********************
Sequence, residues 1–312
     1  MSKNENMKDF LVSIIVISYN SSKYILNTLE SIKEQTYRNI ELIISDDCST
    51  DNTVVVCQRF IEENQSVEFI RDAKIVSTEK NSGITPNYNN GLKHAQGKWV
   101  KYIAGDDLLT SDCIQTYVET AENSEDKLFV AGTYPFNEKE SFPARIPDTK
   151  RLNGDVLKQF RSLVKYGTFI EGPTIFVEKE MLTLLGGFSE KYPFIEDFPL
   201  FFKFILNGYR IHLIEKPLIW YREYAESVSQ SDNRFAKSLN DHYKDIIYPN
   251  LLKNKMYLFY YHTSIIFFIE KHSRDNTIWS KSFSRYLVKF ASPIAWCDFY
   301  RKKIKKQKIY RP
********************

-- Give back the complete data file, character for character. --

Sequence, residues 1–312
     1  MSKNENMKDF LVSIIVISYN SSKYILNTLE SIKEQTYRNI ELIISDDCST
    51  DNTVVVCQRF IEENQSVEFI RDAKIVSTEK NSGITPNYNN GLKHAQGKWV
   101  KYIAGDDLLT SDCIQTYVET AENSEDKLFV AGTYPFNEKE SFPARIPDTK
   151  RLNGDVLKQF RSLVKYGTFI EGPTIFVEKE MLTLLGGFSE KYPFIEDFPL
   201  FFKFILNGYR IHLIEKPLIW YREYAESVSQ SDNRFAKSLN DHYKDIIYPN
   251  LLKNKMYLFY YHTSIIFFIE KHSRDNTIWS KSFSRYLVKF ASPIAWCDFY
   301  RKKIKKQKIY RP